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Nicolas Spassky

Photo famille Spassky

Nicolas Petrovich Spassky (February 9, 1935, Finland - March 11, 2020, France), subdeacon, choirmaster, personality of the Russian emigration active in the field of church singing and religious art, chemical engineer, teacher. Son of Pierre Vassilievich and Taissia Vassilievna Spassky, husband of Nathalie G. Spassky.

Nicolas Spassky studied at the Russian Lycée in Paris, then entered the National School of Chemistry in Paris (ENSCP), from which he graduated in 1957 with a medal and the title of chemical engineer. In 1962, he passed his doctoral thesis (State Doctorate) in the field of polymers in the laboratory of the academician Georges Champetier. In 1963, he received a post-doctoral fellowship for a full-year internship at the Brooklyn Polytechnic Institute in New York (Polytechnic Institute of Brooklyn).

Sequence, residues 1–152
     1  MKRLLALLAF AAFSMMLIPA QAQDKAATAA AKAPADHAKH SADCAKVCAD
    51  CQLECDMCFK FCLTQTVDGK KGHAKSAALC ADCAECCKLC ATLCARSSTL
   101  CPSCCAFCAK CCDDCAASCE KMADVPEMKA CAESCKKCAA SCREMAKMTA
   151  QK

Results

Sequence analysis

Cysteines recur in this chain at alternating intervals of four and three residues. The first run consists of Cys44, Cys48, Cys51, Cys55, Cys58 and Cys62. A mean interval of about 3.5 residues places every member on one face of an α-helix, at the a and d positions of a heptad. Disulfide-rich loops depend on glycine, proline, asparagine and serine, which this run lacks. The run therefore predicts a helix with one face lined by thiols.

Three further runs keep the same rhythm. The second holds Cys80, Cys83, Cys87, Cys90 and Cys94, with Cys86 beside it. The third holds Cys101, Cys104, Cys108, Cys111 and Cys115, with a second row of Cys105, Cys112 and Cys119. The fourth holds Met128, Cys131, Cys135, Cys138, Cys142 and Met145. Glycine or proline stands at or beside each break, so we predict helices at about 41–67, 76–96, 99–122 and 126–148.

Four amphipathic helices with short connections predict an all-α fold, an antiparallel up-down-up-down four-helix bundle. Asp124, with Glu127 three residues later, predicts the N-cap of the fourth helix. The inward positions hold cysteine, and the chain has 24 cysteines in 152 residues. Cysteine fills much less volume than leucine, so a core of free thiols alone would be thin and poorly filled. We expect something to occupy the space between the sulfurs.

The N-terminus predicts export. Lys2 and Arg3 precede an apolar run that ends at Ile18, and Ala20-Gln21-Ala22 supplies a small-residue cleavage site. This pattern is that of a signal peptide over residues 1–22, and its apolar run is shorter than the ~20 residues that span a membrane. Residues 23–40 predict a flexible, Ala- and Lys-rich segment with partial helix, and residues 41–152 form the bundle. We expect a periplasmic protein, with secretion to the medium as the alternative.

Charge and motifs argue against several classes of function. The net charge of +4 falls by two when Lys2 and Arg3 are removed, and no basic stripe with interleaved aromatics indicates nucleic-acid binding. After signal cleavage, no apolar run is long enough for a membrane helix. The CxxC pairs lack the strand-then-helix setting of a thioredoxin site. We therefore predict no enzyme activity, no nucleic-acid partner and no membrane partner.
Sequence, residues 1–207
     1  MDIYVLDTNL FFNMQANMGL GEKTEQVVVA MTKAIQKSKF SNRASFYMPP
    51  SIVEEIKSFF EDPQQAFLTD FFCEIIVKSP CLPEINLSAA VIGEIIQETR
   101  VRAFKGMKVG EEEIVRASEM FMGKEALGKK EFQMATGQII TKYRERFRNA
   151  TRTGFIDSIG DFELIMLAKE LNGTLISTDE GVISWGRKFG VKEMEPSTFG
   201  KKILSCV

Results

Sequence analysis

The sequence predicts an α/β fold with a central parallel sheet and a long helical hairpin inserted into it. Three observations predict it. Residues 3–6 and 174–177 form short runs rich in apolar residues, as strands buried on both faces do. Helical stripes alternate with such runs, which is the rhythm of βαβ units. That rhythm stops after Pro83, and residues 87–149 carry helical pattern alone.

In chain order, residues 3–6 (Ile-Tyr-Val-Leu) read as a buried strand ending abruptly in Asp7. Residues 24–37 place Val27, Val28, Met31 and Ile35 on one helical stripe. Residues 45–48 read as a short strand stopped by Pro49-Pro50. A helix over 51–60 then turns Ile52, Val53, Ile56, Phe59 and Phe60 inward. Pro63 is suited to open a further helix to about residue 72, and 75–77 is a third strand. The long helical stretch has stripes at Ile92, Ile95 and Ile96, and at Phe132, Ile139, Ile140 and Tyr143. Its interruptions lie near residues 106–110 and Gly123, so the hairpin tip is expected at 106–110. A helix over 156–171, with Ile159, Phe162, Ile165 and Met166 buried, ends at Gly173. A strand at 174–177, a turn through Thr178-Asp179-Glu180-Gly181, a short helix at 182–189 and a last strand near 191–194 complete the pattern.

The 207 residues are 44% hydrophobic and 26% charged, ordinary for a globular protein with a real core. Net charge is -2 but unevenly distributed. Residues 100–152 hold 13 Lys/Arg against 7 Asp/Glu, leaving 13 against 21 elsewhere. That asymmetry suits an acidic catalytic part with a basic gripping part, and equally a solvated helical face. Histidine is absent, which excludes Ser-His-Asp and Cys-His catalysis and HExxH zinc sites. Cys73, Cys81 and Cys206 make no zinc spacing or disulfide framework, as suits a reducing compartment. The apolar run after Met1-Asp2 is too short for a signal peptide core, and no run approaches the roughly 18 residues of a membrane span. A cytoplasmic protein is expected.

Upon his return from the United States, he was appointed Research Fellow at the National Center for Scientific Research (CNRS) and worked at the Macromolecular Chemistry Laboratory of the Pierre and Marie Curie University (Pierre and Marie Curie University) in Paris. In 1967-1968, he trained at the Institute of Macromolecular Compounds in Leningrad and visited the polymer laboratories in Moscow. In 1980, he obtained the position of Research Director and the CNRS silver medal for his scientific work in the field of optically active polymers.